Baconton school hosts seminar to teach kids dangers of sexting, cyberbullying

Baconton school hosts seminar to teach kids dangers of sexting, cyberbullying
According to a new pediatrics study, one and seven teens is sexting. (Source: WALB)
Lynn Pinson, Baconton Community Charter School administrator says today's sexting seminar was important for her school. (Source: WALB)
Lynn Pinson, Baconton Community Charter School administrator says today's sexting seminar was important for her school. (Source: WALB)
The South Georgia District Attorney says, one simple explicit social media message or text, could ruin a life. (Source: WALB)
The South Georgia District Attorney says, one simple explicit social media message or text, could ruin a life. (Source: WALB)
Joe Mulholland, is a District Attorney for the South Georgia district who led Friday's seminar. (Source: WALB)
Joe Mulholland, is a District Attorney for the South Georgia district who led Friday's seminar. (Source: WALB)
These are just a few penalties from sexting according to the district attorney of South Georgia. (Source: WALB)
These are just a few penalties from sexting according to the district attorney of South Georgia. (Source: WALB)

BACONTON, GA (WALB) - With technology increasing in many teens' daily lives, the number of children sending or receiving sexually explicit texts is also increasing.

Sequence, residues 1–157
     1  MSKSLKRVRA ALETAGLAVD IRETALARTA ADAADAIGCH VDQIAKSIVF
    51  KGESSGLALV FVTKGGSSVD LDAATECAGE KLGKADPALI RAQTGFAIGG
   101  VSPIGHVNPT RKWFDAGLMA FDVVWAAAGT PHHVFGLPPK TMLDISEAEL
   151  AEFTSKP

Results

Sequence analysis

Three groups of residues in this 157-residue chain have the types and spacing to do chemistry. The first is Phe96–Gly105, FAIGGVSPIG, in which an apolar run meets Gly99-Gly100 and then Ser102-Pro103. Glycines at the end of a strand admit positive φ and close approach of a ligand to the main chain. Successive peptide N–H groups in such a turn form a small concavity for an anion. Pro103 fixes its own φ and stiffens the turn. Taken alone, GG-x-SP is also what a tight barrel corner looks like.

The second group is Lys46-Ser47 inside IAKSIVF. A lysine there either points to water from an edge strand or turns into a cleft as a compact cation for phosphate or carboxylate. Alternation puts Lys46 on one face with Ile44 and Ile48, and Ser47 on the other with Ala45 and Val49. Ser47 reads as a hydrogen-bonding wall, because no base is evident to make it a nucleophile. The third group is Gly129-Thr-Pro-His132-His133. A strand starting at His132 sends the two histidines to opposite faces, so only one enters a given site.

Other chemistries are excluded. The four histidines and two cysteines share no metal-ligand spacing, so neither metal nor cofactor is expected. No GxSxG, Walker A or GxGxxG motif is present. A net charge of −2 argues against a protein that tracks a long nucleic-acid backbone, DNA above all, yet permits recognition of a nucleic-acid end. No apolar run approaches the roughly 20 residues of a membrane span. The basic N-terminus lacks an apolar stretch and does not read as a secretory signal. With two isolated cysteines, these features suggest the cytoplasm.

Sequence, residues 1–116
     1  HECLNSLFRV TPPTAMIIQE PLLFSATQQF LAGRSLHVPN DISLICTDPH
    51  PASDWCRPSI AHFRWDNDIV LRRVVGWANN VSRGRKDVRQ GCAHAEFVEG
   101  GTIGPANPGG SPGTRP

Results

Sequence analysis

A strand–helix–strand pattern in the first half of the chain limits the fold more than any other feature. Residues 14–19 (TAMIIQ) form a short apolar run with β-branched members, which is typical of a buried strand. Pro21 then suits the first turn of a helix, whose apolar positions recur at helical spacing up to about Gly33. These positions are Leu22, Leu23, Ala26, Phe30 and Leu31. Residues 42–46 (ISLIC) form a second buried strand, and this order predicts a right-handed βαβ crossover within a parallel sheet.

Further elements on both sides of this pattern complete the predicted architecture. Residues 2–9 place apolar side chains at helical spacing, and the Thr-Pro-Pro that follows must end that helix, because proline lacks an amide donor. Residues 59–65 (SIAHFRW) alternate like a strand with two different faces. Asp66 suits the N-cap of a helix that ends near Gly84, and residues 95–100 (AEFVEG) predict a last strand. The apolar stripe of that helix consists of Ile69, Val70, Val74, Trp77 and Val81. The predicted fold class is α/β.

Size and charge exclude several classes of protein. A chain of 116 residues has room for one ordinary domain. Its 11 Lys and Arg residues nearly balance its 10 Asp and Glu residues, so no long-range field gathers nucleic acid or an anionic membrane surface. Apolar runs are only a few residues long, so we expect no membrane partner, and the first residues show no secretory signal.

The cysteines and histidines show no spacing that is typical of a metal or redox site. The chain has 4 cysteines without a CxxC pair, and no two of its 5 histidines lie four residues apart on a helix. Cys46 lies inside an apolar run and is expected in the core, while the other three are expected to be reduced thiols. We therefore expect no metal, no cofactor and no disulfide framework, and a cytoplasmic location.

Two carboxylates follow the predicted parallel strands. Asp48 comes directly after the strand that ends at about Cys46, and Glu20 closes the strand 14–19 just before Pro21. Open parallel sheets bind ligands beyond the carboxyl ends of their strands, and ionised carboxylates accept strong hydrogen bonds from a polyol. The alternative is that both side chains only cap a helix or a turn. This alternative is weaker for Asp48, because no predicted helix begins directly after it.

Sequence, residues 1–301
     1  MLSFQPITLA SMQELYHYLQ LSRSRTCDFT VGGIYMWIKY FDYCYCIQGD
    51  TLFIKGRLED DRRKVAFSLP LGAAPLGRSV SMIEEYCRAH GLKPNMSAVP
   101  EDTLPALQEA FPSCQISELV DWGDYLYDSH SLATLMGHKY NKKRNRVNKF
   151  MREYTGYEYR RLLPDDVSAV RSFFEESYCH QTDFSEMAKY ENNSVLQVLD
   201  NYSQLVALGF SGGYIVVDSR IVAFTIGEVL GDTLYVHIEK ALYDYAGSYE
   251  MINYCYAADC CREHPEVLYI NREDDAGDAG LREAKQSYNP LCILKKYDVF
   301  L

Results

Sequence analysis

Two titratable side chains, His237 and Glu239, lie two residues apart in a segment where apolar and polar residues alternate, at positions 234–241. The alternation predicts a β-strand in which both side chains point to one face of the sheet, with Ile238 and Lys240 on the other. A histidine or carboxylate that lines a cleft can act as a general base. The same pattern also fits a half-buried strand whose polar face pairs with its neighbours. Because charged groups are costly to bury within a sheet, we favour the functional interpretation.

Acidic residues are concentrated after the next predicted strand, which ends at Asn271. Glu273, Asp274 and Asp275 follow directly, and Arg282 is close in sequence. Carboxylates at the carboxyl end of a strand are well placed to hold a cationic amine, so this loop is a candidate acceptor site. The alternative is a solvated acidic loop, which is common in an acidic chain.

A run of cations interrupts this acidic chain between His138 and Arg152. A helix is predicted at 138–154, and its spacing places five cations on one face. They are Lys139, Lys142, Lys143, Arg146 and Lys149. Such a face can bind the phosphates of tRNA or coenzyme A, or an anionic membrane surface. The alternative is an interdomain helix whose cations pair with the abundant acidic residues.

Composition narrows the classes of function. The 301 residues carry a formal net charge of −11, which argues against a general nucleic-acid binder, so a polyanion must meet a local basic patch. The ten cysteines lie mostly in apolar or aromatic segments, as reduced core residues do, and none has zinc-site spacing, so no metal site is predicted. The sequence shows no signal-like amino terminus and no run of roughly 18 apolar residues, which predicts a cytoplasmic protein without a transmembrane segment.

That's according to the South Georgia district attorney.

According to a new pediatrics study, one in seven teens is sexting and one in four has been sexted.

Sexting is sending sexually explicit photos or messages to others.

On Friday, many learned it's happening here in South Georgia and it is a crime for teens to do it.

"The biggest reason we wanted to have this assembly today is because we want our kids to know, so that they won't do something stupid," said Baconton Community Charter School Administrator Lynn Pinson.

Pinson said that sexting and cyberbullying are issues that have been occurring at her school recently.

"Technology and all the things we're hearing going on in the world, our kids needed to know what the law is. And we also heard there are things going on at our school that kids were participating in that had us concerned," said Pinson.

Due to the recent concerns at the school, staff thought it was important to bring in District Attorney Joe Mulholland with the South Georgia DA's office to talk about how their life could be ruined with one simple social media message.

"They don't understand that something they think is silly or nonsensical is something that can impact them for the rest of their lives," explained Mulholland.

Mulholland said once a student sends or receives an explicit photo, without saying anything, they're aiding in a crime.

"This has lifetime ramifications if they send an explicit text," said Mulholland.

Life-long penalties like being put in jail for five to 20 years, a $100,000 fine or even placed on the state sex offender list.

Mulholland said he's had to prosecute many children in this same age group over the years and wants to avoid seeing a student locked up from Baconton.

"If they do it after I tell them, I don't have a lot of sympathy for them but they need to understand what the law is and be aware of it," said Mulholland.

Pinson said having this seminar is something the school is taking very seriously. She even said parents from the school will also hear this same message very soon.

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